It occurred to me that in an earlier post I gave you a link that has samples of my collaborative fiction writing set in Ancient Egypt but that I haven’t shared anything yet of what I do in the Western genre. So without further ado here is a free sample of some writing of mine from Pan Historia. It is from the Tombstone novel and features my trademark Wyatt Earp from the day of the Gunfight at the OK Corral:
I watched the back of the sheriff as he moved off to ‘deal’ with the cow-boys that had been threatening our lives all morning. I think I heard a snort of derision from Doc, who was, I might add, in particularly fine fettle this afternoon – as if the danger was all he needed to feel in perfect health.
We stepped off the sidewalk as a group when we were accosted by concerned citizen after concerned citizen. First the cow-boys were at the Dexter Corral and then at the O.K. Corral. There were numerous first hand accounts coming at us in all directions of the threats against our lives. I had cause, in the days to come, to remember many of the names and faces and offers of assistance, and not in a pleasant way. Captain Murray, a stockbroker with a military past offered to gather a militia, a man by the name of Sills told us that the cow-boys had said they mean to kill us on sight.
We were not another ten paces down the street after declining help from left and right when a foreigner by the name of John L. Fonck came to see us. Fonck sells furniture in town but apparently had a far more colorful past – as a Chief Detective of the Los Angeles Police Department and an agent of the U.S. Secret Service. He tells us what he has heard of the threats and that he can quickly round up ten men.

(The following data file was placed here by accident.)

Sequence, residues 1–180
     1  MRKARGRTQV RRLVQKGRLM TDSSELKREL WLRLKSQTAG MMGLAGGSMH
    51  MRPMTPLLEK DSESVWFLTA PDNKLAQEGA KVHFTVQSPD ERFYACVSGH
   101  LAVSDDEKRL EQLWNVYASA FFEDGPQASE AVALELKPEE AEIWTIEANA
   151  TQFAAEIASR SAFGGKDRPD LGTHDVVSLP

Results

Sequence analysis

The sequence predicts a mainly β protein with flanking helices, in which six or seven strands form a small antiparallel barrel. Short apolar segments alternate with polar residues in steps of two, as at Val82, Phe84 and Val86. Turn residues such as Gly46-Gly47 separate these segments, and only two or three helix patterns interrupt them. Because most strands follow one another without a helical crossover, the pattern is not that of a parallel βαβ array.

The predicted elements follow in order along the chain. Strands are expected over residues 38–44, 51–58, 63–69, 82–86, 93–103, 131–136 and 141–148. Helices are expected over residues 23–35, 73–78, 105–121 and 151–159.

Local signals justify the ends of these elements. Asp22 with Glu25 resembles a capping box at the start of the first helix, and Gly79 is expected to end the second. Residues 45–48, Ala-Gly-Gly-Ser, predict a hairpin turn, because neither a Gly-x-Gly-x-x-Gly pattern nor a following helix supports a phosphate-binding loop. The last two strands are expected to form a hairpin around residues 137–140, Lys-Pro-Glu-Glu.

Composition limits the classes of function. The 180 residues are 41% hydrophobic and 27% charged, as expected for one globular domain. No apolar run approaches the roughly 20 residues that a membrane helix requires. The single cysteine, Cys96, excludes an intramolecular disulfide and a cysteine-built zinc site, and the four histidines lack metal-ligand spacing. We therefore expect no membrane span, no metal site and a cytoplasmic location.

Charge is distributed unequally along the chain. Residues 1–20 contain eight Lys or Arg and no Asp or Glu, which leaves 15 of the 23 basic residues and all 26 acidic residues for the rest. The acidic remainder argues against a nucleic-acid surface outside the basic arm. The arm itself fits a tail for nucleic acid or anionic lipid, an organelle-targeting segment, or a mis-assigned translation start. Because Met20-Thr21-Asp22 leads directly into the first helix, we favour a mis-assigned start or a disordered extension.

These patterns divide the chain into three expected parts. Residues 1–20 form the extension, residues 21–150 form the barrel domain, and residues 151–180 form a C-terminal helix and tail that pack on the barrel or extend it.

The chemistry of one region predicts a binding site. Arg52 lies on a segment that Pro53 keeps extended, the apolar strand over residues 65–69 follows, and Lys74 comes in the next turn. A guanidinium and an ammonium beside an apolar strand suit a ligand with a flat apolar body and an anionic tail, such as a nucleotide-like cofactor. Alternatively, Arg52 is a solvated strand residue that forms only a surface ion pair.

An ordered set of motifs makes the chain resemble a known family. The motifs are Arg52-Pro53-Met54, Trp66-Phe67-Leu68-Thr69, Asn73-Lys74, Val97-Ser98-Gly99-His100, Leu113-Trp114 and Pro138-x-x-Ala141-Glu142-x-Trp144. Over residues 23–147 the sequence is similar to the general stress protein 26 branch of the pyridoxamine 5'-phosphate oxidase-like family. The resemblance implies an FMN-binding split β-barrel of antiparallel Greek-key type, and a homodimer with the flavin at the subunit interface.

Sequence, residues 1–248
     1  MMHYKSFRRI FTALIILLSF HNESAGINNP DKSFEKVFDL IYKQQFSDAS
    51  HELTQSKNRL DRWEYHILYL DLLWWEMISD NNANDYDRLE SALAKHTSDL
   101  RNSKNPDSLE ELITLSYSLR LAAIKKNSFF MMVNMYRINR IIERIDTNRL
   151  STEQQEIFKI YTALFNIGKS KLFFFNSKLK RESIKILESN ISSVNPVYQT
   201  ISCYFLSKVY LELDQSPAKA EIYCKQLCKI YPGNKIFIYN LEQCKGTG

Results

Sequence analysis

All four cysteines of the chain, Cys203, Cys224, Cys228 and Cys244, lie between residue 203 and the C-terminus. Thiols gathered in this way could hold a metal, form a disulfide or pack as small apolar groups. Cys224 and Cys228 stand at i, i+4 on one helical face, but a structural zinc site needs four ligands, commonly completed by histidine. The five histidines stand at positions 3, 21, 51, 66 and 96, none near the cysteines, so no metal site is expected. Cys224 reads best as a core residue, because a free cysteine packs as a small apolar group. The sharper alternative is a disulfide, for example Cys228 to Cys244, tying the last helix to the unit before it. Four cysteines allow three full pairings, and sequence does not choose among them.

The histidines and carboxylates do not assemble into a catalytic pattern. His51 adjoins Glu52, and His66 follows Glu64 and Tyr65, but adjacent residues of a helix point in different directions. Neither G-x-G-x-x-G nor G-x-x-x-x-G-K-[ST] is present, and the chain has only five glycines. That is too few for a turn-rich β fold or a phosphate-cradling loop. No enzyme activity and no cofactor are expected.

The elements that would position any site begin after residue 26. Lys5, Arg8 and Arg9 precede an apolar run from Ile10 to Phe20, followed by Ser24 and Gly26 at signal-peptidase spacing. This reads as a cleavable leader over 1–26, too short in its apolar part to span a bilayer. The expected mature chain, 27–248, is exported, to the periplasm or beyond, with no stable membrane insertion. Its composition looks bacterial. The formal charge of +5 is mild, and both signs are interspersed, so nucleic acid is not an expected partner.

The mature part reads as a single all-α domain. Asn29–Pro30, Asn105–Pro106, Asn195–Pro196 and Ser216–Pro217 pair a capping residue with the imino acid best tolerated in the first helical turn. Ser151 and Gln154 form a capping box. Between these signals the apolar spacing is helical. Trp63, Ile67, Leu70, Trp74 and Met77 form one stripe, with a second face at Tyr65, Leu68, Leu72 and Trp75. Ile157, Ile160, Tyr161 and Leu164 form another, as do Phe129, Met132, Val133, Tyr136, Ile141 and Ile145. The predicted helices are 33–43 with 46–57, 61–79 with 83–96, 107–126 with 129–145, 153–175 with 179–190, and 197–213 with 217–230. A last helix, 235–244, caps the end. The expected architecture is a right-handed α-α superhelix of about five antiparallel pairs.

“I swear to God, are these boys just going around finding everyone in town to issue this threat to?” exclaimed Virgil in exasperation.
It was getting a little tedious.
“Where are they now?”
“They are all down there on Fremont Street,” said Fonck.
“Thank you, sir, but I think we can take care of things – as duly appointed officers of the law. We’ll take it from here.”
After Fonck made his retreat Virgil turned to me with distress in his face. I knew he didn’t want to fight these men, and I knew he’d much rather be studying the racing form, but there really was nothing for it.
“Nothing to do but try and disarm them, and if they want a fight, make a fight.”
“About time,” said Doc, “I’ll go along.”
“This is our fight, Doc. There’s no call for you to mix in.”
“That’s a hell of a thing for you to say to me, Wyatt.”
I wasn’t going to gainsay my friend if he wanted to back our play so I nodded. Virgil didn’t argue either, which surprised me a little, but then he requested Doc’s silver capped cane and handed Doc the shotgun.
“The sight of this thing could give folks the wrong idea. Put it under your coat, Doc, and now you’re a deputy.”
Reading this now I’m surprised it is as cohesive as it is. I wrote it under a lot of pressure on the actual anniversary of the gunfight. If I were to rewrite the thing today at my leisure there would be some changes. I worked quite closely with Virgil and Doc Holliday when I composed this piece, and each had done their research on the day so this was one of those occasions when the role play and collaboration went as rapidly as the shots fired that cold day in 1881.